Teaching and Learning
Weighing in on the Syllabus (Beth McMurtrie, Chronicle of Higher Education, May 11, 2023): At the end of the semester, Sarah Woulfin at the University of Texas, Austin, shared with her students a Google doc with a list of the weekly readings. Then she asked them to mark it up with comments, wanting to know what resonated or proved particularly relevant to them.
Being Authentically Approachable (John Warner, Inside Higher Ed, May 11, 2023): Being human is being approachable.
Readers Respond on D Grades and Honors Programs (Matt Reed, Inside Higher Ed, May 11, 2023): What Reed’s readers had to say about two of his latest postings.
The Day No Students Came to Class…or Did They? (Sarah E. DeCapua, Inside Higher Ed, May 10, 2023): What began as a mystery to DeCaputa ended up with some classroom lessons learned, primarily for herself as an instructor.
Seize the Moment with ‘Call & Response’ Podcast Learning Practices (Brian K. Blackburn and Lukas E. Coppen, Faculty Focus, May 8, 2023): The authors offer six stages to the preparation of an educational podcast.
The Labor of Teaching and Administrative Hysteria (Elise Archias and Blake Stimson, Chronicle of Higher Education, May 5, 2023): When leaders usurp faculty expertise with kitsch social justice, students suffer.
AI, Tech, and Higher Ed
Why I’m Excited About ChatGPT (Jennie Young, Inside Higher Ed, May 11, 2023): 10 ways ChatGPT will be a boon to first-year writing instruction.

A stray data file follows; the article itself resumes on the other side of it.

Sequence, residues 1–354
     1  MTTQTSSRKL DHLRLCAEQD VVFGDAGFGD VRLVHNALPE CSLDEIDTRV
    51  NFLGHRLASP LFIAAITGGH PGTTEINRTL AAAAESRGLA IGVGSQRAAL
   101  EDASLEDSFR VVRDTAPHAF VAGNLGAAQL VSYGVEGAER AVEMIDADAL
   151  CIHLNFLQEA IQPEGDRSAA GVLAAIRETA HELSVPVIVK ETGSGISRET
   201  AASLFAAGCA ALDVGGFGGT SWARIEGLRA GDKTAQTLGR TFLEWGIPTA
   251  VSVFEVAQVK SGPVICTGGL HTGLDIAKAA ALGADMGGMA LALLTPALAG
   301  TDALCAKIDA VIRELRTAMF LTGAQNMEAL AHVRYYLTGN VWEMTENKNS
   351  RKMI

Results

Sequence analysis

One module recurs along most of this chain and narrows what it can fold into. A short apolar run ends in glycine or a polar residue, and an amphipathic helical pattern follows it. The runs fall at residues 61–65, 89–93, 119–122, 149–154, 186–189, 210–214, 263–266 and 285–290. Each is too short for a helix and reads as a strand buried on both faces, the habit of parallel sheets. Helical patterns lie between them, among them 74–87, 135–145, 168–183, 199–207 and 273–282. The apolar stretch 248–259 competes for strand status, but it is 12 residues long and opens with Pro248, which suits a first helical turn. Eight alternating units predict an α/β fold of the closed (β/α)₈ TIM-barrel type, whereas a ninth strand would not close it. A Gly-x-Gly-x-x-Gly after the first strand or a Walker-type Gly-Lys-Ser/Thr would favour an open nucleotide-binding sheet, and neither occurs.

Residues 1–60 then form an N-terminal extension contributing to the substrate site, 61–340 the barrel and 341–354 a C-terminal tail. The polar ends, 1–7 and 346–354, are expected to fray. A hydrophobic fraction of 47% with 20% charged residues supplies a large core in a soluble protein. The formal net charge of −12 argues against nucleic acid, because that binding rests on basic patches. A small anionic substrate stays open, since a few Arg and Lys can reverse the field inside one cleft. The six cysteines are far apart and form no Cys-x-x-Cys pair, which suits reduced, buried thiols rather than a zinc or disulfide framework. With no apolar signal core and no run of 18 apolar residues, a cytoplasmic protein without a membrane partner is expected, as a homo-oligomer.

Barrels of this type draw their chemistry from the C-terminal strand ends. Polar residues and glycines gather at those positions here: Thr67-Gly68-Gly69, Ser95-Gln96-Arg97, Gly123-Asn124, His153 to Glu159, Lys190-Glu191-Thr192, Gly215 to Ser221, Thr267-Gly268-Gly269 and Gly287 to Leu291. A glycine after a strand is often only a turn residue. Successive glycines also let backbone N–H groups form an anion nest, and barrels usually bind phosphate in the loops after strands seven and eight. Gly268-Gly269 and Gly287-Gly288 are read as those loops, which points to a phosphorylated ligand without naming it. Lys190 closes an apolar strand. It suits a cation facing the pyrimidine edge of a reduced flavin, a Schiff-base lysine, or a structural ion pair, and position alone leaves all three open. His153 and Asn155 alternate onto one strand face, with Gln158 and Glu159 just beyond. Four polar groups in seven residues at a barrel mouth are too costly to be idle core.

Creating Higher Ed Experiences That Transform Lives (Key Podcast, Inside Higher Ed, May 10, 2023): The 33-minute podcast explores how to ensure that all learners have experiences in college that help them develop identity, agency, and purpose with the goal of improving their well-being 30 years down the road.
Five Things You Should Know About Connecting Democracy and the Curriculum (Crystal Harris, Connie Jorgensen, Laura Lovett, Soji Oakomolafe, Nancy Thomas, and Bridget Trogden, Inside Higher Ed, May 10, 2023): Multidisciplinary curricular connections to voting are often an under-utilized and under-funded component of the student involvement landscape. The authors offer five points to consider.
Why Republicans Are Targeting Professors’ Job Security (Monica Potts, FiveThirtyEight, May 11, 2023): State-level Republicans are doubling down on appealing to their base. The partisan divide between those who go to college and those who do not is one of the firmest divides in American politics today, and it has reinforced diverging attitudes about the value of higher education itself and the role it plays in American life.
Academic Integrity and AI (Chronicle of Higher Education, May 16 at 2:00 PM Eastern): AI tools like ChatGPT allow students to pass off seemingly original work as their own. What do instructors and administrators need to know to thwart such cheating? Register here.
On the Bookshelf
Gayle Greene, Immeasurable Outcomes: Teaching Shakespeare in the Age of the Algorithm (Johns Hopkins University Press). One of the most resonant, heart-felt arguments for what teachers do and the meaning of the humanities that I have read in a long time. Come for the insights about teaching and stay for the Shakespeare. Or come for the Shakespeare and stay for the teaching. Either way, it’s an important read for a dark moment in higher ed. [If you want to see what Greene is challenging, you can do no better than College Going Is Changing; We Need Better Data (Joe May and Mark Schneider, Inside Higher Ed, May 12, 2023): The authors argue that we really need are better, more systematic data on the return on investment.]
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